LifeLabs Medical Laboratory Services, Canada’s largest lab testing company, has paid a ransom after a major cyberattack led to the theft of lab results for 85,000 Ontarians and potentially the personal information of 15 million customers.
The personal information stolen from the lab test provider could include a customer’s name, address, e-mail, login, passwords, date of birth and health card number, all of which were on the computer systems the hackers accessed.
LifeLabs paid an undisclosed sum to retrieve the data, the company said on Tuesday, and also hired cybersecurity experts to asses the damage. The hired firms “have advised that the risk to our customers in connection with this cyberattack is low and that they have not seen any public disclosure of customer data as part of their investigations, including monitoring of the dark web and other online locations.”
LifeLabs is owned by the investment arm of Ontario Municipal Employees Retirement System. The company was originally founded by five entrepreneurs from IBM who hoped to create systems for health-care professionals. In 2013, LifeLabs became the dominant player in Canada’s lab testing market after it acquired B.C. Biomedical Laboratories and CML HealthCare.
At the time, bulking up was seen as necessary because medical laboratories are mostly paid by provincial health ministries and are therefore under constant pressure to cut costs. Scale was thought to give LifeLabs the ability to test as efficiently as possible.
The majority of its customers today are in British Columbia and Ontario.
The cyberattack follows a massive data breach at Desjardins Group this year that affected all 4.2 million of its customers, which resulted in the banking co-operative’s chief executive officer testifying in front of provincial legislators in Quebec last month. However, that breach, which involved personal information including social insurance numbers but not banking information or passwords, was the result of an employee who went rogue.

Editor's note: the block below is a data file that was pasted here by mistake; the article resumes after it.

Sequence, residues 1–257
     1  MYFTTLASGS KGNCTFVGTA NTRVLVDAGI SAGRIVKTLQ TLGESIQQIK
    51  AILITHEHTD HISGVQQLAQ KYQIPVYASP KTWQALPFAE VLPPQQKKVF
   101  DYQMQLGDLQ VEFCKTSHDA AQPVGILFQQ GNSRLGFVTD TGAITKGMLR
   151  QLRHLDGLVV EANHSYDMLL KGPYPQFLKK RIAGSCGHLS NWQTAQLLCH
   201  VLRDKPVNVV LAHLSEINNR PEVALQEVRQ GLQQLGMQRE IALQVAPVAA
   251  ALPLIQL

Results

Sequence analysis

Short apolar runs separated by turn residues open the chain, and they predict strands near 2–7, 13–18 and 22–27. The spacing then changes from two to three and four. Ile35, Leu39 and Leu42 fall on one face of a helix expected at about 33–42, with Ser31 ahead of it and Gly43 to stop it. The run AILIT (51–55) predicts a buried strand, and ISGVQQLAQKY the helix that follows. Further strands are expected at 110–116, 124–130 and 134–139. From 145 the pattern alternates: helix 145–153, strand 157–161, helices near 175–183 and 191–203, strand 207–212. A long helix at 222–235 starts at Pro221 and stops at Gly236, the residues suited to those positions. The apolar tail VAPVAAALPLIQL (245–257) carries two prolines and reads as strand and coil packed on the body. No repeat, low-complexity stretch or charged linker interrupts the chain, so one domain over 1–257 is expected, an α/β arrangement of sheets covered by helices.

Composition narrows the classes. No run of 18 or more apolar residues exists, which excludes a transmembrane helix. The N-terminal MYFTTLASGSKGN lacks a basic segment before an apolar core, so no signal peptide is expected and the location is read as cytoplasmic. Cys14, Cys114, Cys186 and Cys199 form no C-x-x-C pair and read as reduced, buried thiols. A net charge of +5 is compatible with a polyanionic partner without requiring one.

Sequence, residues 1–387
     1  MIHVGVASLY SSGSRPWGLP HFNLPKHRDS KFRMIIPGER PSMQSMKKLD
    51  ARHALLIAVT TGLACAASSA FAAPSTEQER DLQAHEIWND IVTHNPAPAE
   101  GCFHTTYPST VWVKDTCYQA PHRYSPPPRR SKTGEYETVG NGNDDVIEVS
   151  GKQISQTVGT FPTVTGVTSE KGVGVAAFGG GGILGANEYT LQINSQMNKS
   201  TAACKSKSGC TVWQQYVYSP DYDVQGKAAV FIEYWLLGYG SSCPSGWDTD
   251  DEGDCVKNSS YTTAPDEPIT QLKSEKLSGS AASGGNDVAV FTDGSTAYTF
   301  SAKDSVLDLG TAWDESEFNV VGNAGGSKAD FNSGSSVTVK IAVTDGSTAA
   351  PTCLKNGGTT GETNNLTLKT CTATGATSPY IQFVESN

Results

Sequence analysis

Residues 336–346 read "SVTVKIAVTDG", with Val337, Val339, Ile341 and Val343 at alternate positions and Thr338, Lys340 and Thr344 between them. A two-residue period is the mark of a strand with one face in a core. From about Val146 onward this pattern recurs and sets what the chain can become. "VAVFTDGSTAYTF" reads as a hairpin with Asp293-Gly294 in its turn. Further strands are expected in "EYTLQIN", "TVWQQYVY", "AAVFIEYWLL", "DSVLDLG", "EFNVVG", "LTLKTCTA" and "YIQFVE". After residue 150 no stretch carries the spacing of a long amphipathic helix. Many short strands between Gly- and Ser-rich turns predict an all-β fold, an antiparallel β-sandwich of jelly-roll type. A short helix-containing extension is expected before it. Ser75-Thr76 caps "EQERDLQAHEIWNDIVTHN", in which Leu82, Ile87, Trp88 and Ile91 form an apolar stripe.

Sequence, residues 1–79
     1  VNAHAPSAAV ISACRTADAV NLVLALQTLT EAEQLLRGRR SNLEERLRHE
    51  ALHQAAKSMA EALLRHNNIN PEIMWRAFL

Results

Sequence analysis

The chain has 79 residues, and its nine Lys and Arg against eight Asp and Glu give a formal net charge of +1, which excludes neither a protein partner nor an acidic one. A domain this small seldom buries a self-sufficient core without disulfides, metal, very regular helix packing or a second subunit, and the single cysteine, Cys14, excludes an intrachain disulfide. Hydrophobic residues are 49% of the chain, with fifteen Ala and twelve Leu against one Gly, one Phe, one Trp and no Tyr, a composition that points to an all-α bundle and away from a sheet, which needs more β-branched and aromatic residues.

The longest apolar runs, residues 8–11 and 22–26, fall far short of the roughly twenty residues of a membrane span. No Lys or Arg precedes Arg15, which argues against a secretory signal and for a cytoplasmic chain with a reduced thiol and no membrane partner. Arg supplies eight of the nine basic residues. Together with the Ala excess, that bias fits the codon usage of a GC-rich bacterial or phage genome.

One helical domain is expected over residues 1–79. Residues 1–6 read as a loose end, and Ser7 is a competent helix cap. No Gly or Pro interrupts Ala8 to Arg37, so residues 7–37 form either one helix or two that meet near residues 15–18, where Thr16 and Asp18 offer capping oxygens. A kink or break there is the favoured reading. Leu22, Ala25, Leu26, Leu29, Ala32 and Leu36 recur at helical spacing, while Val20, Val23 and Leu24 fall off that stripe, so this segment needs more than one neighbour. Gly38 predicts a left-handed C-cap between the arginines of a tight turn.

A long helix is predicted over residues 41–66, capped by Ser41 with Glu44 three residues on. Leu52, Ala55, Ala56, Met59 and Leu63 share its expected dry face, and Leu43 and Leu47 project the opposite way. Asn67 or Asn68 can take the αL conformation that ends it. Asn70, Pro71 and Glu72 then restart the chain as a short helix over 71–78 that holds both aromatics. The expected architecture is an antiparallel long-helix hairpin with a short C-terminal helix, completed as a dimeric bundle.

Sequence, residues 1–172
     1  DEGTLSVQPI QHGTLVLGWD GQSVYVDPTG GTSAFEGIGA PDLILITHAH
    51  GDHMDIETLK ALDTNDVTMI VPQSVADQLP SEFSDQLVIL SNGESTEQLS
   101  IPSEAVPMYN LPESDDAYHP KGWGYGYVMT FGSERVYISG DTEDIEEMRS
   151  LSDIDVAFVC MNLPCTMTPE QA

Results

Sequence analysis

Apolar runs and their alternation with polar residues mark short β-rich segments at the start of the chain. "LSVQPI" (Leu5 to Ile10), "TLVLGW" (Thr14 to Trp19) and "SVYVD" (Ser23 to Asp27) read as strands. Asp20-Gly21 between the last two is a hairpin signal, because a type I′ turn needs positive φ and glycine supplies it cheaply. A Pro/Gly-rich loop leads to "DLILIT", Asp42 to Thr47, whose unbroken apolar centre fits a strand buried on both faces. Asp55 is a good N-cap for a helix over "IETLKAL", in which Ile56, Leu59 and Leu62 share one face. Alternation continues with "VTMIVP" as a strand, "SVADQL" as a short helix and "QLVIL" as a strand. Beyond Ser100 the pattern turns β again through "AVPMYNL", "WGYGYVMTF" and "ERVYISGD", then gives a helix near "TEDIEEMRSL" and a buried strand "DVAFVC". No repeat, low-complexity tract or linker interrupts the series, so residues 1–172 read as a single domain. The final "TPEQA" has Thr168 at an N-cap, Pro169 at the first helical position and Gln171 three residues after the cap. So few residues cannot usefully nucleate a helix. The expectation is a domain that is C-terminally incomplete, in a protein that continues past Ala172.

Exact details of the LifeLabs breach have yet to be made public, but there has been a spike upward of attacks across North America in which hackers break into computer servers in hopes of selling the information back to the affected entity. Despite the rising frequency of corporate data breaches, the theft from LifeLabs marks a rare hack of a health-care body.
Because attacks are so common, some companies now pay for cyberinsurance in the event they have to pay a ransom after an attack. In an interview, LifeLabs CEO Charles Brown said the company had purchased cyberinsurance, but did not provide details on the coverage.
While there is no guarantee the stolen data will remain secure, Mr. Brown said the cyberexperts hired have told LifeLabs that the threat of sensitive information getting out is “very low,” and they know this from monitoring the previous experience of companies that had data breaches, and then agreed to pay the hackers.
For customers who are concerned, LifeLabs has offered to cover one year of data protection that includes dark web monitoring as well as identity theft insurance. The company said it had already notified provincial privacy commissioners of the breach, and they are investigating the matter.
The Office of the Information and Privacy Commissioner of Ontario and the Office of the Information and Privacy Commissioner for British Columbia issued a joint statement on Tuesday saying they are undertaking a co-ordinated investigation into the LifeLabs attack. The two privacy bodies said their review will examine the circumstances leading to the breach, what measures LifeLabs could have taken to prevent it and what the company is doing to prevent future attacks.
Ontario’s Privacy Commissioner added that cyberattacks are a growing criminal phenomenon, and public institutions and health-care organizations are responsible for ensuring personal information is secure.
LifeLabs performs 112 million laboratory tests each year at 382 collection centres across British Columbia, Ontario and Saskatchewan. The company is run by Mr. Brown, who previously led electronics retailer The Source and before that was a senior vice-president at BCE Inc.
Globally, notable corporate data thefts in recent years have included attacks on Marriott International Inc. and Equifax Inc. yet both companies are now trading near record highs, suggesting investors at least have become desensitized to the breaches.